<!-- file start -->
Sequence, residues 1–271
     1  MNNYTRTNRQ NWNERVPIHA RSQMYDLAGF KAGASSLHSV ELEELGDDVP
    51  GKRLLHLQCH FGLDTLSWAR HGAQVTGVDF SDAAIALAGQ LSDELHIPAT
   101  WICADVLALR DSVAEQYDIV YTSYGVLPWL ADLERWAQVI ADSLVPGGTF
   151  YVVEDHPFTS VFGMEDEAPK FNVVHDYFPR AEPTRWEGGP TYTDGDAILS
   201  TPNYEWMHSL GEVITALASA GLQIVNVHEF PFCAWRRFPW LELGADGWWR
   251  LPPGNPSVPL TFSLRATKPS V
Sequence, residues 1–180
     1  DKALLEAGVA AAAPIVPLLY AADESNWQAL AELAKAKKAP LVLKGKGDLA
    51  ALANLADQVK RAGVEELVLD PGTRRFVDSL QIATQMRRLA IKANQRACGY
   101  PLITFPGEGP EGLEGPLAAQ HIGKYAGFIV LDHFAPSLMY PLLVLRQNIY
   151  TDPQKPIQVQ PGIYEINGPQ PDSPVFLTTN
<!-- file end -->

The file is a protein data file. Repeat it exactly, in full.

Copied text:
Sequence, residues 1–271
     1  MNNYTRTNRQ NWNERVPIHA RSQMYDLAGF KAGASSLHSV ELEELGDDVP
    51  GKRLLHLQCH FGLDTLSWAR HGAQVTGVDF SDAAIALAGQ LSDELHIPAT
   101  WICADVLALR DSVAEQYDIV YTSYGVLPWL ADLERWAQVI ADSLVPGGTF
   151  YVVEDHPFTS VFGMEDEAPK FNVVHDYFPR AEPTRWEGGP TYTDGDAILS
   201  TPNYEWMHSL GEVITALASA GLQIVNVHEF PFCAWRRFPW LELGADGWWR
   251  LPPGNPSVPL TFSLRATKPS V
Sequence, residues 1–180
     1  DKALLEAGVA AAAPIVPLLY AADESNWQAL AELAKAKKAP LVLKGKGDLA
    51  ALANLADQVK RAGVEELVLD PGTRRFVDSL QIATQMRRLA IKANQRACGY
   101  PLITFPGEGP EGLEGPLAAQ HIGKYAGFIV LDHFAPSLMY PLLVLRQNIY
   151  TDPQKPIQVQ PGIYEINGPQ PDSPVFLTTN